Finland’s first scientific satellite, Foresil-1, was ready for space

Finland's first scientific satellite, Foresil-1, was ready for space

While the satellite is the largest milk tank, it will take on two independent scientific devices developed by the Center of Excellence. Found: Mikko Raskinen / Aalto University

Foresil-1, the first satellite from the Finnish Center of Excellence in Research of Sustainable Space, is ready for space.

“With the help of long -term funding from the Academy of Finland, we have created the first science project in Finland, which aims to develop sustainable space technology,” said Professor Minna Palmroth from the University of Helsinki, the head of the Center. of honor.

The tour will start from Otaniemi in Espoo in a few days. The first release will be in Berlin, Germany, where the satellite will be connected to the launch adapter. Foresil-1 will be provided with its rocket selected by German broadcaster EXOLaunch. In the summer, the satellite will be launched aboard a SpaceX Falcon 9 spacecraft from the center at Cape Canaveral in Florida, US.

Satellite systems and scientific equipment have been built and built at Foresil-1 in Finland. The Center of Excellence studies astronomical conditions and uses this research to develop satellites that last longer in harsh weather conditions. It is headed by the University of Helsinki and Aalto University, the University of Turku and the Finnish Meteorological Institute. Teams from the Finnish Meteorological Institute and the University of Turku are responsible for the scientific instruments and their measurements.

The Aalto University team was responsible for mission planning and satellite construction. The company has developed a new satellite platform that opens in its facility. The satellite platform and subsystems, such as the control system, radio, computer, frame, antennas, status sensors, bags and solar panels, could be used in future Finnish satellite missions. Satellite software will be provided as an open-source program.

According to Associate Professor Jaan Praks from Aalto University, the satellite’s reliability and longevity have been significantly improved by shielding its spacecraft from space radiation more than previous smaller satellites.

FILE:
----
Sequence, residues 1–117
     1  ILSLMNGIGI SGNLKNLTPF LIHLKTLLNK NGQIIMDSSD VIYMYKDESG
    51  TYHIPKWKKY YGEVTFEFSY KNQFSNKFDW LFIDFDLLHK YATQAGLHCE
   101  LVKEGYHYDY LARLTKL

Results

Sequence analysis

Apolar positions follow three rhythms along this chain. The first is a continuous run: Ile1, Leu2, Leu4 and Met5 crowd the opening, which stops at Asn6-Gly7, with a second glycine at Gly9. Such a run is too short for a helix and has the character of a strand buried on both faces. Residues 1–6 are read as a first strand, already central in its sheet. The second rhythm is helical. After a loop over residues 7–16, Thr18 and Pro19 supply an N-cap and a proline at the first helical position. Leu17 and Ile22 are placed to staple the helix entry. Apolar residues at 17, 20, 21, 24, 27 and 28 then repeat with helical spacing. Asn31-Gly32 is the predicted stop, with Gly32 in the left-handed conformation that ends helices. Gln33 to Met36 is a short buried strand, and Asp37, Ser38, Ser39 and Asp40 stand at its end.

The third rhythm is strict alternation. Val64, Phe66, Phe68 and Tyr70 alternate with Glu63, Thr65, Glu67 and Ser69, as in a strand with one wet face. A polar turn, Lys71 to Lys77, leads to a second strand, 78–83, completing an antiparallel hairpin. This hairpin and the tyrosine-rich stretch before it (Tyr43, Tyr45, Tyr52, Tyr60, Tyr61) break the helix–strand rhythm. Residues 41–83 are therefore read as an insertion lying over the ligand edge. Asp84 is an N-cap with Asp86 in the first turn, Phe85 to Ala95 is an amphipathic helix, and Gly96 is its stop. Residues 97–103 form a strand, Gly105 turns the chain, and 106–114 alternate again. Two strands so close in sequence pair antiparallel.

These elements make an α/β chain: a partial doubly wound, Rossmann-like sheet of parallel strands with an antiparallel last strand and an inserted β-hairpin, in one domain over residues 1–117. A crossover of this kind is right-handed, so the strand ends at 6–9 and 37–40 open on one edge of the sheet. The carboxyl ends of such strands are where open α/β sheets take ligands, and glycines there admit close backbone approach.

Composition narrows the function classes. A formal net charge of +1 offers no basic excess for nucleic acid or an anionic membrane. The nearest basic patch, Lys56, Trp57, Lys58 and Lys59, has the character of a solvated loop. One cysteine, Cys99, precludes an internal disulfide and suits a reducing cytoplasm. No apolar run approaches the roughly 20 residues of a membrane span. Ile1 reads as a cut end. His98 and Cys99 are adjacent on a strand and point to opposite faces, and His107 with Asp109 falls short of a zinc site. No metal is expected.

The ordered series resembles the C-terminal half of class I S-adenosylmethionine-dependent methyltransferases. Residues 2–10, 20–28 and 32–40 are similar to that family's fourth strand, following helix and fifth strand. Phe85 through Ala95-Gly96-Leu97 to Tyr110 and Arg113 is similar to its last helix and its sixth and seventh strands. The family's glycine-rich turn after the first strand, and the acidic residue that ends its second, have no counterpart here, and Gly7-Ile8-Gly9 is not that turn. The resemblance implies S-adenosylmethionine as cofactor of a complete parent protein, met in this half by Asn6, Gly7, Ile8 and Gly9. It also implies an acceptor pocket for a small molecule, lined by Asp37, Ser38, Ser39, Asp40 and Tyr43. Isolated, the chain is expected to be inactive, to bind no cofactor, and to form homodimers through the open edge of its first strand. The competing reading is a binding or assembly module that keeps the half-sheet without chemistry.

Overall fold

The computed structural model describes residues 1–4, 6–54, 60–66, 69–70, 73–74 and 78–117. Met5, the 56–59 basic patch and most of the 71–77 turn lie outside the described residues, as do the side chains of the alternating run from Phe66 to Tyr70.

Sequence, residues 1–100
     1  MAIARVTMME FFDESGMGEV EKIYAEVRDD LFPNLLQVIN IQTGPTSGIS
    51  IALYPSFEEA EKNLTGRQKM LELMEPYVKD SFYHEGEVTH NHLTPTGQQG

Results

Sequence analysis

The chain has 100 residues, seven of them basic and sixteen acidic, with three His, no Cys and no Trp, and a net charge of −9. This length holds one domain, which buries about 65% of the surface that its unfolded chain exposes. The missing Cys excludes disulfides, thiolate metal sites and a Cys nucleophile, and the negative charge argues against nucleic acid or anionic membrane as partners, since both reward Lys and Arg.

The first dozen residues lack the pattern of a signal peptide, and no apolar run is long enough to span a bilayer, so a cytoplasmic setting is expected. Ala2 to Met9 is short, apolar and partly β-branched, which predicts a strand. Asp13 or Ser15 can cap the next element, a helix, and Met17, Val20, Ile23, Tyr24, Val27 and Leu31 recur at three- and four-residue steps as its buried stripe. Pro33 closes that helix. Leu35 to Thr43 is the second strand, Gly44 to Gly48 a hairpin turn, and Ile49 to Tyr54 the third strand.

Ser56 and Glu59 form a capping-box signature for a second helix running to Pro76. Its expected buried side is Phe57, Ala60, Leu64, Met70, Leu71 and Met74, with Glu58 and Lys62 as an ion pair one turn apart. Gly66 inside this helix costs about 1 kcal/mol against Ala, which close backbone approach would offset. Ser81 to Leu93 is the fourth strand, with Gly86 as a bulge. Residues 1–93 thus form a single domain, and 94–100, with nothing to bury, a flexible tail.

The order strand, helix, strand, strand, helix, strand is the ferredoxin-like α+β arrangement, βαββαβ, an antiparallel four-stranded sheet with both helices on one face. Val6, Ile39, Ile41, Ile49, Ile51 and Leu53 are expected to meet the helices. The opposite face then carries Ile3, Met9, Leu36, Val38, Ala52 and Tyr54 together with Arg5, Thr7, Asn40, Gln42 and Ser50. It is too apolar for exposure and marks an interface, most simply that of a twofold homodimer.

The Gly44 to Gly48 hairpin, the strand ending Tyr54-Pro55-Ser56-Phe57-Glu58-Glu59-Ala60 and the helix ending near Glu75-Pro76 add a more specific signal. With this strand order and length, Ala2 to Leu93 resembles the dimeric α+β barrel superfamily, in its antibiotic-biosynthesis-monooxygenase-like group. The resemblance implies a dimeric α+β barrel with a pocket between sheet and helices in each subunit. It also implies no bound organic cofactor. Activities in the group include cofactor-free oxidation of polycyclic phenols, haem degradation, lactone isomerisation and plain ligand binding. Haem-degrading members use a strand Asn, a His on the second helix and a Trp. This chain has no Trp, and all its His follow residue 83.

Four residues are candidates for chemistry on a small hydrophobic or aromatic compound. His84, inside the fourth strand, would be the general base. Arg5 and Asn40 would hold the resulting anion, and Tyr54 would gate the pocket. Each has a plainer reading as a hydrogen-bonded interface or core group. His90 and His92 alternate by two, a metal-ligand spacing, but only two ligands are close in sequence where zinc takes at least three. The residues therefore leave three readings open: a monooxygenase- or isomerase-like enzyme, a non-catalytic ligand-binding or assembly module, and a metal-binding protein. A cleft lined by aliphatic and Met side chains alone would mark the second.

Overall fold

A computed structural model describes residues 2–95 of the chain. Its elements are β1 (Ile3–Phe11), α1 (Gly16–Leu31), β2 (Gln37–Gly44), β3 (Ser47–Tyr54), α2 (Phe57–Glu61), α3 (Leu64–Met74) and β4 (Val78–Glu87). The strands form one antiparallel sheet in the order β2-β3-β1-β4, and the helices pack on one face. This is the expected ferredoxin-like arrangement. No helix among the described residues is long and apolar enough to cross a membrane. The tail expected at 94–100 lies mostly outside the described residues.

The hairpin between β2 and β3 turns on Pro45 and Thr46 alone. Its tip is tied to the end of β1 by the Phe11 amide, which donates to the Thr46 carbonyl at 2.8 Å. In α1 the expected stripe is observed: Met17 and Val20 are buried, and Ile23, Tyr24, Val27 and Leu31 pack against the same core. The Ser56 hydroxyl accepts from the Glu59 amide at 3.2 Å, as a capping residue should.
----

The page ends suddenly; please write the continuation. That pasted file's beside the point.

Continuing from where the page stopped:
“Several development models of the satellite have been built into the project, and the performance of the systems has been verified through a number of tests in conditions such as high vibration, vacuum and low temperatures. adapter, which will then be connected to the Falcon 9 rocket at the launch site in Cape Canaveral, ”Praks said.

The satellite will be maintained and operated by Otaniemi National Park, which tracks the Aalto-1 and Suomi100 satellites. The site activities are built on solutions and software developed at Aalto University.

Leading the Finnish knowledge in a solid package

While the satellite is the size of a milk tank, it will carry two independent scientific devices developed by the Center of Excellence: the PATE particle telescope, which studies the Earth’s near -Earth environment, and a plasma box, to bring the satellite out of orbit.

The plasma box was tested on the Aalto-1, but further improved performance reliability. The brake is expected to significantly reduce the amount of air debris in orbit by slowing the satellite down, so it will fall back into the air, where smoke will rise. It usually takes years for satellites to be lost and returned to space, but with plasma capture, the process can be delayed by only two months.

“The plasma tank is working on the design and our tests, but its braking force has not been measured in the air,” said Director Pekka Janhunen from the Finnish Meteorological Institute.

The goal of the PATE particle scale, developed at the University of Turku, is to help researchers better understand the radiation environment of the atmosphere and thus increase the life of satellites there.

“More accurate measurements from the PATE manufacturer will help us determine how electrons emit radiation particles into the atmosphere. With this knowledge, we can develop satellites that can withstand in space radiation and takes longer to work in space, ”says Professor. Rami Vainio from the University of Turku.


Aalto-2 no longer responds to commands


Presented by Aalto University

Directions: Finland’s first science satellite, Foresil-1, ready for space (2022, April 12) downloaded on 13 April 2022 from https://phys.org/news/2022-04-finland-science -satellite-forresail-ready.html

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